18 Feb SATW Member Spotlight: Tom Adkinson
SATW member and avid angler Tom Adkinson has been a committed member of the organization since 1988, joining just in time for the convention in Australia.
” Considering the people I met, the experiences I had and the trout I didn’t catch, that was the most extraordinary trip ever,” Adkinson said.
He has a successful career on the public relations side of the travel industry, and now as an independent writer has returned to his journalism roots. Adkinson is an SATW Marco Polo recipient and continues to be involved as a member and is a mentor to newer members. Tom Adkinson discusses his next endeavors and the tools and resources he uses to stay ahead professionally.
A couple sentences about yourself and your work for people who may not know you:
With a family background in journalism it was daunting, but useful, to ask my AP editor father to read anything I wrote for school), I rolled through j-school and into daily newspapers and freelancing on the side. A fluke took me to Southern Living Magazine as a travel writer, and another fluke took me to the Grand Ole Opry and travel public relations. I continued to freelance a bit and increased the pace after finally retiring from the PR world.
What does it mean to you to be a Marco Polo member?
My selection as a Marco Polo was a total surprise and an absolute honor. I still shake my head when I see my name on the Marco Polo list.
You spent much of your career as a travel PR professional and now work as a freelance journalist. What has that been like personally and professionally?
I became known in SATW because of my PR work, but I had a life before PR in news and travel writing. In fact, I never expected to leave journalism, but PR gave me a chance to return to my Nashville roots.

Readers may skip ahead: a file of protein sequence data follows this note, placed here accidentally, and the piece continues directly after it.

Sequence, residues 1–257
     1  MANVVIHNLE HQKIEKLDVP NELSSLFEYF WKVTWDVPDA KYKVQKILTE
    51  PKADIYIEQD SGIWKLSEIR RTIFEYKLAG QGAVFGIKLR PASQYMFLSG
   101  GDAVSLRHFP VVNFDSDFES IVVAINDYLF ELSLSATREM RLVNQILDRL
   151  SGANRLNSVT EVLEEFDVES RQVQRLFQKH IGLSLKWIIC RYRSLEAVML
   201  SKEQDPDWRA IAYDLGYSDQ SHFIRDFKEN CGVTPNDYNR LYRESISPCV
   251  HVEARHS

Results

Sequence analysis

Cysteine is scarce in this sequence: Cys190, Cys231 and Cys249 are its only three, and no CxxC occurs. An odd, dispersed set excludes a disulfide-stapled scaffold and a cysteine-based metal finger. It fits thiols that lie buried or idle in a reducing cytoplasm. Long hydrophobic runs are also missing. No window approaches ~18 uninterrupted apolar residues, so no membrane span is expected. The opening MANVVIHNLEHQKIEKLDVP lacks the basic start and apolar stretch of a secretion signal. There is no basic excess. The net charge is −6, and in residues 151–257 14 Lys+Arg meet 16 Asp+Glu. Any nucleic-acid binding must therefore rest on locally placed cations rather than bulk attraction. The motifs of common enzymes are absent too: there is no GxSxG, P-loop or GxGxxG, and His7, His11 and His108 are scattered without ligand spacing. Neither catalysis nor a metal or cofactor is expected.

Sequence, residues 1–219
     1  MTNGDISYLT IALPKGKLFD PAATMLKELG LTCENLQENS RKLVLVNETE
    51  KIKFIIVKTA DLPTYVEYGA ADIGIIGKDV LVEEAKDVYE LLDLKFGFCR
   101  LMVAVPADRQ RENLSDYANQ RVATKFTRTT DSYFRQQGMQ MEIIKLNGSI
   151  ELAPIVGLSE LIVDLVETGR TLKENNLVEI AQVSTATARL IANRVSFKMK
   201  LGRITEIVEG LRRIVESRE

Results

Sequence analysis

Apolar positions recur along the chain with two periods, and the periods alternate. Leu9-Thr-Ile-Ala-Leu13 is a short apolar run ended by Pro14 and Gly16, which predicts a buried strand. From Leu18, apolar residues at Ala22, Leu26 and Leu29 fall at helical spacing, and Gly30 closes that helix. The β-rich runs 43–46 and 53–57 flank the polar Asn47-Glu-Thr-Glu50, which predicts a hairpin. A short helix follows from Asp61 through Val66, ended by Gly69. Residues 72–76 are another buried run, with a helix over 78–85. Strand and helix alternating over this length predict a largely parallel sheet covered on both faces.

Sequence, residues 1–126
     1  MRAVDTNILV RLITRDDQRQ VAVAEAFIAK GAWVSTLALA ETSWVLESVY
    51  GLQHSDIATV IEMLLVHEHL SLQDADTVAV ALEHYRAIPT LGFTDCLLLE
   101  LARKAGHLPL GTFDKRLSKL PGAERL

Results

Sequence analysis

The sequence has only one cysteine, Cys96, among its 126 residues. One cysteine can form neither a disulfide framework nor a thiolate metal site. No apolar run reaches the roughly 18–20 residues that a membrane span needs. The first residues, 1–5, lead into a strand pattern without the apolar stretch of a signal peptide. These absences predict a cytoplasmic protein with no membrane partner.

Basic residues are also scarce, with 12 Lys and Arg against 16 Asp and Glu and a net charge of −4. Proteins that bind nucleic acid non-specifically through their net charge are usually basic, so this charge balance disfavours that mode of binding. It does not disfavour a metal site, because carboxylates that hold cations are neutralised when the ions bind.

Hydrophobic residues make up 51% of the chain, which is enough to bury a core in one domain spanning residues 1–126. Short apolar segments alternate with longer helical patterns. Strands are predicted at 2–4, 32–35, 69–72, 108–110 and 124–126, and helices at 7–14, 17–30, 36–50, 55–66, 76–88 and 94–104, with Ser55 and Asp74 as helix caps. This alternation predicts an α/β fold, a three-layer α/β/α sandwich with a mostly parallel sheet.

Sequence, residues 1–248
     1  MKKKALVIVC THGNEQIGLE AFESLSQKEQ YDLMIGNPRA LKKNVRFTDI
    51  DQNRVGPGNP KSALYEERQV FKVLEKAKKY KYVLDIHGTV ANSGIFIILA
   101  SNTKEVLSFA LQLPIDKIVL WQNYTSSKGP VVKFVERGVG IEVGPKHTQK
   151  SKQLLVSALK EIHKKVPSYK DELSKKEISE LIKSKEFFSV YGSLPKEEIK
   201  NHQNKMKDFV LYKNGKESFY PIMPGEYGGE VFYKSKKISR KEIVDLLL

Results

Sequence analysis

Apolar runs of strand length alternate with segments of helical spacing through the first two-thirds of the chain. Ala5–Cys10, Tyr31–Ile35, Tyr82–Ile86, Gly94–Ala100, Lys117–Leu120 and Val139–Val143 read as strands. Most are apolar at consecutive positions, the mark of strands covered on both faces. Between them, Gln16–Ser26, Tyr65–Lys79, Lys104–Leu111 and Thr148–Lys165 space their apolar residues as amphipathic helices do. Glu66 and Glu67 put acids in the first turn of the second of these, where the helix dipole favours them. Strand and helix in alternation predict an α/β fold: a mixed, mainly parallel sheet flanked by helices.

In those decades of PR work, I truly enjoyed knowing what feature writers and reporters needed and helping them find solid stories. My background made that possible. Now that I’m back on the writing side, I’m glad I understand the resources and skills that PR professionals hold.
What defines the core of your work now and what are your specialties or niche areas?
I like to joke that I’m a master of the 500-word feature. That’s my shorthand for saying I enjoy putting single subjects in the spotlight. In the process, I hope I entertain readers and perhaps inspire them to visit a place or have a particular experience themselves.
I particularly enjoy stories that have some element of nature in them. I feel I perform a modest service to Mother Nature if someone who reads one of my stories says, “I’m glad that place exists,” or “I want to hike that trail, float that river or see that vista.”
What has been the key to your professional growth?
A Texas travel writer named Caleb Pirtle, the fellow who took me out of a newsroom and onto the staff at Southern Living, showed me how much joy there is in feature writing. By osmosis, I learned from him how much fun it is to meet people and share good times. The icing on the cake is being able to share those experiences. That’s a growth opportunity that never ends.
What is your next professional milestone?
I joke that I write for beer money and that my goal is to write for craft beer money. Putting aside wisecracks about payment scales, my professional goal continues to be finding topics I like that match the interest of editors.
How do you think travel PR or journalism will change in the next 5-10 years?
The reality of the last many years – shrinking and disappearing markets for traditional travel writing – will continue. That puts the burden on travel writers (storytellers, information purveyors, valued resources) to seek new ways to generate revenue. More and more, travel writers will have to find their own audiences.
What is the destination that has had the biggest impact on you and why?
Australia, my first SATW meeting destination. I had great experiences with SATW members there, and I learned a lot about tourism industry hospitality. I saw how curiosity could lead to friendships and great memories. It was a career-influencing time. Beyond Australia, the answer is China, simply because it is so vast, so varied and so colorful.
What professional advice do you have for others who may be transitioning their professional focus?
To quote a certain sporting goods manufacturer, “Just do it,” if you’re thinking seriously about change and if you really have the desire. Then, talk with your SATW connections and other contacts, friends and mentors. We live in a connected world, and as SATW members, you are linked to many people for consultation.
What are some of your best professional tools or resources?
I’m not big on technology beyond the basic equipment, so my answer here is that my best professional resource is the army of connections and friends I have made through the years. Although I know I can reach people by email or text, I believe that a conversation is best, in part because I believe when people hear each other’s voices, they learn more than the words that are spoken.